—by John Grochalski

i turn back awkwardly
arched back
to grab a stone white door

when this ten year-old girl says
shouldn’t you be protecting those things?

i don’t know what she means at first
but then the other ten year-old girls start to giggle
and i have my suspicions

i mean, like, you know, like girls protect those things?

and there it is
ripped to shreds by some pre-teen wench
some little brat who doesn’t even have breasts

picking apart my man boobs
to another chorus of laughter

and it would so easy
so very fucking easy to crush this kid

to point out her natty. yellow teeth
tell her no boy will ever love her
with those natty, yellow teeth

that no dentist from brooklyn to l.a.
would be able to fix them unless they were a genius

then start in on her friends for their elf ears
their own buck-teeth and flat, sexless chests

but i’m the adult in this situation

and if one of these kids start to cry
if one of these kids storms off to tell her mom
it’ll be my ass on the firing line

so it doesn’t matter how humiliated i feel
how much i want to recoil
the last bits of me from this mortal state and die

i just shrug
i tell the girls i have no clue what they’re talking about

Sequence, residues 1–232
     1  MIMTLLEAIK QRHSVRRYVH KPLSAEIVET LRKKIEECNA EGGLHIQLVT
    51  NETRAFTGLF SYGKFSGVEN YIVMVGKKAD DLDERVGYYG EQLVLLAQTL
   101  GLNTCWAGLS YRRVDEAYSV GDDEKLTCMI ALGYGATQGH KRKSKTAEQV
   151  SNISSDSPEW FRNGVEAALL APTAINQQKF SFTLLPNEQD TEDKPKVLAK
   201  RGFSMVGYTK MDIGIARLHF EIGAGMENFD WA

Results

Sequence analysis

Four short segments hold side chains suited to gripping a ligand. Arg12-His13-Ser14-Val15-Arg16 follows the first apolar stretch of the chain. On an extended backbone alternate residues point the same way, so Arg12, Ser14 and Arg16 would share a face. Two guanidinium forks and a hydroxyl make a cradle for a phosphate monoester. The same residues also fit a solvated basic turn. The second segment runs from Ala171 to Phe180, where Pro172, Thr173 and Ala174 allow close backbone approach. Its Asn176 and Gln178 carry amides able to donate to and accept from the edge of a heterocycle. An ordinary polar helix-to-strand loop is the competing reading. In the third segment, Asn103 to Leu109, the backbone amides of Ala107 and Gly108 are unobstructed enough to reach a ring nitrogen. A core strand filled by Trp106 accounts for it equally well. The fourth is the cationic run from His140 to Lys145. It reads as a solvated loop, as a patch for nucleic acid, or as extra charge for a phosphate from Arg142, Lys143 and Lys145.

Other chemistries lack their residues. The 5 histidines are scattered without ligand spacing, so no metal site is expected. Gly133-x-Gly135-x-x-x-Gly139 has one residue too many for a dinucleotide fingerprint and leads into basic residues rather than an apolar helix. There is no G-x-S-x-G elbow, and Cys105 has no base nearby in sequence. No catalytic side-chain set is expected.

while they continue to laugh at me
while i walk away resolving to toss this shirt

this navy blue waffle shirt
that my wife got me two christmases ago

because i liked it
because i thought i looked good in it

finally looked good in something

burn it in a funeral pyre with those other bits of clothing
that made me a target in this place

the powder-blue shirt that larry said made me look fat
the green shirt that my supervisor said made me look homeless

let them all burn
shirts and pants and jackets
white and light colors

until my closet is exorcised

until it becomes a black void of fabric
that i’ll wear like some brooklyn hamlet
to hide the madness and self-loathing

the man boobs forevermore

protecting myself from the mean little girls
and everyone else

an entire planet of flesh and blood and bone
and little else that i’d hazard to call human

on my most
generous days.

John Grochalski is the author of The Noose Doesn’t Get Any Looser After You Punch Out (Six Gallery Press 2008), Glass City (Low Ghost Press, 2010), In The Year of Everything Dying (Camel Saloon, 2012), and the forthcoming novel, The Librarian.  Grochalski currently lives in Brooklyn, New York, where he constantly worries about the high cost of everything.